And it’s not just grid lines. It shows the actual spacing right there on the design surface, the font used, line height, etc.

        With this Fireworks extension, all of the specs are right there. You can even just print it out to work from it so that you don’t have to take up extra screen space or a second screen.

        If you are used to taking designs and turning them into code or if you want to provide pixel perfect specs for your developer to make sure it is created exactly as intended, this is a fantastic extension. Especially in combination with Fireworks CS6 and its new CSS3 Properties panel.

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        • 23

          All I can say is that if the designer doesnt bother with finishing up the sketches then he/she is a sloppy one. If you the go and generate the specs from that document the specs would be crazy wrong anyway. Now this script solves the issue but if I were a client and had to pay the agency for the specs work instead of the agency buying a Fw licence for the programmer I would be quit irritated.

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    • 24

      Douglas Bonneville

      May 29, 2012 11:08 am

      The specs settle disputes and sets expectations for future rolls outs of new pages based on the existing design.

      The number ONE most powerful tool for settling design disputes is: it’s not in the spec. Or some variation on that. Works every time. You don’t need to “make your point” in a meeting if you can just point to the spec everyone agreed on, without opening management to a domino effect of other changes.

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  14. 25

    This function will be very very useful to designers! Thanks

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  15. 26

    After the absolutely disappointing update of Fireworks from CS5.1 to CS6.0 this is actually a welcome feature, which should’ve been built in from the start. I wish adobe gave Fireworks the same amount of love :)

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  16. 27

    While I don’t doubt that Specctr might be faster, the side-by-side speed comparison video insults a professional designer’s intelligence with the painfully slow ineptness of the non-Specctr user. I really have to wonder what else is being grossly exaggerated about the product.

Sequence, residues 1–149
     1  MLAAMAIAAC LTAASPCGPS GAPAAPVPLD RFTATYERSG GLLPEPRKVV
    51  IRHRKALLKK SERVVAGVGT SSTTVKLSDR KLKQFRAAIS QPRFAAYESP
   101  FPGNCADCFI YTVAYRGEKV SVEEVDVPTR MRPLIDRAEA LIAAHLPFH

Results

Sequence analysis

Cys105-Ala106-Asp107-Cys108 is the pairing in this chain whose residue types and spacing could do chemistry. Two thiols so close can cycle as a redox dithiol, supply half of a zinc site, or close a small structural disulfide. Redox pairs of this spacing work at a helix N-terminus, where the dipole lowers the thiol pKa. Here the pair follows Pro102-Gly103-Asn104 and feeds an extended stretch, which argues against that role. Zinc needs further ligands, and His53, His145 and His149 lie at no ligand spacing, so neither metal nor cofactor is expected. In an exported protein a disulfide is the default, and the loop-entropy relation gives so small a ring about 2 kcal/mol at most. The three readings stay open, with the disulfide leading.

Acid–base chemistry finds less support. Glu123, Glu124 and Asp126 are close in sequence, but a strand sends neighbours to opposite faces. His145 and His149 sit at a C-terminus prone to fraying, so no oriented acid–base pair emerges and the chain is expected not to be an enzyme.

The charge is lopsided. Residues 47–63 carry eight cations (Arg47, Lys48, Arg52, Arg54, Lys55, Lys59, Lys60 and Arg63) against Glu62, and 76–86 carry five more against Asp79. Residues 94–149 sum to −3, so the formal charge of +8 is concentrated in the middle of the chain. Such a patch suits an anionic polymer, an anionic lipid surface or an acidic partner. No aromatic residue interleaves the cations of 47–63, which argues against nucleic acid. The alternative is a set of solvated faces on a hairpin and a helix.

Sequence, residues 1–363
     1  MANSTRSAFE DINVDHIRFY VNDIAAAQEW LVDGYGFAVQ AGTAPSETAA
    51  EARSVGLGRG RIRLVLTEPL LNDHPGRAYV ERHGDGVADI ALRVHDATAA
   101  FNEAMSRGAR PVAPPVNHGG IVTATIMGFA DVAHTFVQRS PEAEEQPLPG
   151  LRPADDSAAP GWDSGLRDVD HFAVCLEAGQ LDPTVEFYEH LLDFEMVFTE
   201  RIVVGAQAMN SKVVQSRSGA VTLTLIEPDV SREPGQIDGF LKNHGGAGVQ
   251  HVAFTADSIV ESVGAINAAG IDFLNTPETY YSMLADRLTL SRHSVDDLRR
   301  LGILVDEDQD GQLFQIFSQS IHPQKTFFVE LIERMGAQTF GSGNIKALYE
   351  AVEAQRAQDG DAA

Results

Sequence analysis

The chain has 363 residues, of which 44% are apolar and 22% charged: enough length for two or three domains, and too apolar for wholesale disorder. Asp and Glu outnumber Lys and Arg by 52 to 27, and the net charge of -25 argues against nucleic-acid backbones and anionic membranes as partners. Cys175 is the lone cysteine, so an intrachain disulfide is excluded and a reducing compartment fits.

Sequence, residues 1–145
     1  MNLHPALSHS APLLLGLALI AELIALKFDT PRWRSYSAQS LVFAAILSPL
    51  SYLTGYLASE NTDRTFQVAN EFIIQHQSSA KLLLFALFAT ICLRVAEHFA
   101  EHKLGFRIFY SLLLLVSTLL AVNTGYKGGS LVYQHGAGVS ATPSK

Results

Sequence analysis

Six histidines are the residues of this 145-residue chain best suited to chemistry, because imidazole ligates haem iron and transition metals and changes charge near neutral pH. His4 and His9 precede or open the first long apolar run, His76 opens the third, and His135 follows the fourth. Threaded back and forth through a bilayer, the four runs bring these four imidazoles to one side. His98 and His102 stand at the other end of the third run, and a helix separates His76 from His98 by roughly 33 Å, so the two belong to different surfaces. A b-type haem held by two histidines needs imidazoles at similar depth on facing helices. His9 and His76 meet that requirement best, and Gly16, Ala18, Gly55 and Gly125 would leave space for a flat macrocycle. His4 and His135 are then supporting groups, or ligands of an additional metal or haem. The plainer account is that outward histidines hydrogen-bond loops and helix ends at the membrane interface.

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  17. 28

    Chen, you are awesome. Great to see you writing on Smashing!

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  18. 29

    Interesting work flow. Being a designer and front-end developer, I’m not sure I would use this since I don’t distribute layouts to anyone unless it’s marked-up already. Great concept and I would love to see something like this for Photoshop.

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  19. 30

    This is freaking awesome. I just got a copy of it.

    Great work guys.

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  20. 31

    Would love this for illustrator

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  21. 33

    very nice tool, i would use it for a different purpose: logos. i find it very handy in making a logo guide.

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  22. 34

    Michael J. Morgan

    December 11, 2012 3:13 pm

    Many people don’t realize how amazing Fireworks can become with extensions such as this (and Orange Commands, 960.gs, etc…) Immediately upon testing this I messaged my project manager about purchasing a license. Thank you!

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  23. 35

    OMG I am moist, why have I never found this product before today?

    My life is complete!

    Thank you.

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  24. 36

    Did those ActionScript libraries ever get pushed to GitHub? I’d be curious to what sort of techniques you used for the panel.

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    • 37

      Hey John, the libraries are a little bit hacky right now and we are working to get them in presentable shape. Hope to have something published soon.

      0